Last month, the World Health Organization declared the mosquito-borne Zika virus a “international health emergency.” Though the virus doesn’t harm most who get it, recent research suggests that Zika can cause serious damage to the brains of fetuses and, in rare instances, neurological problems in adults.
Since last spring, more than 20 countries have reported locally acquired cases of Zika. “The level of alarm is extremely high,” said Dr. Margaret Chan, director general of the World Health Organization, in a speech in Geneva. Such alarmist language about the Zika virus is mostly focused on the implications on pregnant women and their fetuses, specifically on the purported link between the virus and microcephaly, a rare condition in which infants are born with abnormally small heads and damaged brains. Despite the fervor and worry, experts say it is too early to tell whether Zika is causing microcephaly in infants. Nonetheless, in response to the increase in Zika cases, the government of El Salvador has advised women to refrain from becoming pregnant until 2018. Brazil has seen the most Zika cases in Latin America, and recently a leading Brazilian health official recommended that women in the hard-hit northeastern region postpone pregnancy. U.S. health officials have warned pregnant Americans to refrain from traveling to Latin American countries.
In additional pregnancy-related worry, on the heels of the WHO’s announcement about the Zika explosion, the United States’ Centers for Disease Control issued a report finding that three in four American women who plan to get pregnant soon are still drinking alcohol. The report also found that whether women plan to get pregnant or not – an estimated 3.3 million, between the ages of 15 and 44, risk harming a developing fetus with alcohol because they are drinking and having sex without birth control. Anne Schuchat, principal deputy director of the Centers for Disease Control and Prevention, said that “Alcohol can permanently harm a developing baby before a woman knows she is pregnant.” This is especially important given that, “About half of all pregnancies in the United States are unplanned, and even if planned, most women won’t know they are pregnant for the first month or so, when they might still be drinking.”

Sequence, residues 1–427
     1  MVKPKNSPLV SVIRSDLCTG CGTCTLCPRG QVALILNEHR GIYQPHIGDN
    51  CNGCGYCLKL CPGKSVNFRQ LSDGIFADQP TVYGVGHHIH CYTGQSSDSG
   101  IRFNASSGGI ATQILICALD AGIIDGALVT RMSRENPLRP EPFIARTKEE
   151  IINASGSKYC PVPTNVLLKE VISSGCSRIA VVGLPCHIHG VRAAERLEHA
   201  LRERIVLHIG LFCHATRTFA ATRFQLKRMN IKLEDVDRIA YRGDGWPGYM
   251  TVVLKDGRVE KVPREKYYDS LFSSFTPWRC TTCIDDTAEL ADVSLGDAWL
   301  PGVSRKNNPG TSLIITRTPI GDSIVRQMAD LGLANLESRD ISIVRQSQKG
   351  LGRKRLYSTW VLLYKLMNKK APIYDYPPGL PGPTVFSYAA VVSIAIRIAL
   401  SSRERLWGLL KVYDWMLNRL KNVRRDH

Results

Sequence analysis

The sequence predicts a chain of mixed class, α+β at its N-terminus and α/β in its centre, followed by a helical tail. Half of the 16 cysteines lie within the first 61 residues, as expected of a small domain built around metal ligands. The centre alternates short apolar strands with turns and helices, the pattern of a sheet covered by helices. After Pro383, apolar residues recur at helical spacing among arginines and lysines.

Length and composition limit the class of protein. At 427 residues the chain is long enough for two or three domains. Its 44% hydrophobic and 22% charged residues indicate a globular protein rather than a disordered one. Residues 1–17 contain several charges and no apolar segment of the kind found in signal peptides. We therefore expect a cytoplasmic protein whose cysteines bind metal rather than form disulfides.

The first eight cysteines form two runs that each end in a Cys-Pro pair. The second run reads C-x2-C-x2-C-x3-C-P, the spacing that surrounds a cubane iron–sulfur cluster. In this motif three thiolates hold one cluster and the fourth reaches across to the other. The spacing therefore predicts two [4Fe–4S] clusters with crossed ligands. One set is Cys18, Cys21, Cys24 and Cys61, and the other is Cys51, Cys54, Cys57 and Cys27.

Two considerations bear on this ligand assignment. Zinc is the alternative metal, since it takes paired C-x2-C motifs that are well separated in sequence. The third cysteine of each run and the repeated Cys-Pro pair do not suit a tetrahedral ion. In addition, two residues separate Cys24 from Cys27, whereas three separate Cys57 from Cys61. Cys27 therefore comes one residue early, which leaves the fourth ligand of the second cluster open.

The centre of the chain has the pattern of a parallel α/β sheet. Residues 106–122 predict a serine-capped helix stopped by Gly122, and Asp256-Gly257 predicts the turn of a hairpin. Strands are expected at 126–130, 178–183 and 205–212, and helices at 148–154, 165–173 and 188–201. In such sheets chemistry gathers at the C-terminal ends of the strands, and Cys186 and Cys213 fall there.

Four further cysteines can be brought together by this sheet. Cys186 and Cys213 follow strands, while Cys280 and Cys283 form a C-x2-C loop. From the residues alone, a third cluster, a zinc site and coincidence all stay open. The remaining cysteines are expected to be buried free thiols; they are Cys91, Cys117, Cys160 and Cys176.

These are distinct health issues with different causes and impacts. The common threads are the emphasis on pregnancy-related health concerns and solutions that center on behavior-change. The juxtaposition of these scenarios is interesting because of what it exposes about gender and public health -- the emphasis on behavior change with a dramatic disregard for the fact that it is growing more and more difficult here in the U.S. and around the world to plan a pregnancy and have control over one’s pregnancy outcome -- whether it is a healthy childbirth and child, a miscarriage or an abortion.
In the case of the Zika virus, the recommendation to avoid pregnancy in affected Latin American countries is almost laughable. “It’s incredibly naive for a government to ask women to postpone getting pregnant in a context such as Colombia, where more than 50 percent of pregnancies are unplanned and across the region where sexual violence is prevalent,” Monica Roa, a member of Women’s Link Worldwide group, told the BBC earlier this week. In El Salvador abortion is punishable by jail time, miscarriages are investigated, and sex ed and birth control are very difficult to access. In Brazil, abortion is legal in limited instances and women who give birth to infants with microcephaly bemoan the lack of support and services they are offered. Marilia Lima, whose son was born with microcephaly in Brazil just a few months ago, told NPR that she felt alone and “abandoned by the state.”